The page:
13 Jan 2015
For some, it starts with stealing candy. For others, it’s a reckless car crash, or a sudden penchant to urinate in public. The type of incident varies, but according to a study published January 5 in JAMA Neurology, more than a third of people with frontotemporal dementia (FTD) act out criminal behaviors. In some cases, the odd conduct is the first clear signal to their loved ones that something is way off. Led by Bruce Miller at the University of California, San Francisco, the study also reported bad behavior in people with Alzheimer’s and Huntington’s diseases; however, those patients’ misconduct tended to surface later in the disease and to a lesser degree than it did in people with FTD. The study raises questions about how the criminal justice system should handle people with FTD and, even more pressingly, concerns about the plight of undiagnosed patients who may be languishing in prisons or on the streets.
FTD Behind Bars?
More than a third of people with FTD act out criminal behavior. How many of them wind up in prison is an open question, particularly for the undiagnosed.[Image courtesy of Auntie P., Flickr Creative Commons.]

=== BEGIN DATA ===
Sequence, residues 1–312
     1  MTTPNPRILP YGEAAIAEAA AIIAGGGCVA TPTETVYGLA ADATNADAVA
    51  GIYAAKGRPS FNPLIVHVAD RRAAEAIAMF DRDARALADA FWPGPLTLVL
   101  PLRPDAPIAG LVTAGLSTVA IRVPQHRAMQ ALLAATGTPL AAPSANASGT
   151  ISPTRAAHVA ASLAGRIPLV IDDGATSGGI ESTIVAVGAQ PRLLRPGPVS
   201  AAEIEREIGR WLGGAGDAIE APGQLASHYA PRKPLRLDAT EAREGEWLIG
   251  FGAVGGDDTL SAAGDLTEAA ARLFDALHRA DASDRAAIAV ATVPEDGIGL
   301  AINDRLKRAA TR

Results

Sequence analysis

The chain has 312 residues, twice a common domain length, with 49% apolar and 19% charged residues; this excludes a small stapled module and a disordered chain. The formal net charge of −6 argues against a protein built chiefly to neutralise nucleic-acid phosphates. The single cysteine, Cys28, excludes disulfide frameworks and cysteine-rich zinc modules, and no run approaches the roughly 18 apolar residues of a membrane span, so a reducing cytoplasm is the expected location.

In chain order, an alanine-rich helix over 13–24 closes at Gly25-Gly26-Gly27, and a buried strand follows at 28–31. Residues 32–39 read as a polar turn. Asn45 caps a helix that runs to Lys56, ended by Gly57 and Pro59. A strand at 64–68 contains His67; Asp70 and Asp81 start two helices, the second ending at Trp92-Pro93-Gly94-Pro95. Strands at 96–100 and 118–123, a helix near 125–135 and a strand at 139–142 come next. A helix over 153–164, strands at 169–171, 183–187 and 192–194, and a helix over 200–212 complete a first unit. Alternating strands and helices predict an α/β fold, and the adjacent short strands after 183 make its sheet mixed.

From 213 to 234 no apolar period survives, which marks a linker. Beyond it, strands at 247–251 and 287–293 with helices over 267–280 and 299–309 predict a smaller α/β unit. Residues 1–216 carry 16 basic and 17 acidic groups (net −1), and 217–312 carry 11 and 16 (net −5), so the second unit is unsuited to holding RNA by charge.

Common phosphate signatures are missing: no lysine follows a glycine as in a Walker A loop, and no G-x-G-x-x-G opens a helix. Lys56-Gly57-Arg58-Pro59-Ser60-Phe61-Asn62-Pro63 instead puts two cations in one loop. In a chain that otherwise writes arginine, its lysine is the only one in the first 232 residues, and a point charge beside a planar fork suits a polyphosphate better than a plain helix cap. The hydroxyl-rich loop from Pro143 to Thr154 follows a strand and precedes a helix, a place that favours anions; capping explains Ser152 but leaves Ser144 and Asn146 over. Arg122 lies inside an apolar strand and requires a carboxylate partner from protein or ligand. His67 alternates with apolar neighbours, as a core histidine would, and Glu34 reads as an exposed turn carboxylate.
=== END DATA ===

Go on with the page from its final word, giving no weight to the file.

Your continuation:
Dealing with wayward behavior is nothing new to Miller and other seasoned clinicians who work with FTD patients. “We have seen many examples of these cases over the years, so we thought it was time to put them into the literature,” Miller told Alzforum. “We want people to understand that you have to think very seriously about the brain whenever someone commits a crime, particularly when they commit a crime for the first time after age 50.”
Frontotemporal lobar degeneration (FTLD) chips away at regions of the brain that rein in impulsivity and support inhibition and empathy, thus creating a prime environment for behavior that defies social norms. These problems often emerge while cognition remains intact, so family, friends, and co-workers tend to see the person as rude, odd, or worse, rather than as someone suffering from a neurodegenerative disorder, said co-first author Madeleine Liljegren of Lund University in Sweden. “They get judged as a weird person or sent to a psychiatrist, where they might be misdiagnosed with bipolar disorder or depression,” she said. “If society in general were more aware of these disorders, people could receive proper care from the start and avoid getting into trouble.”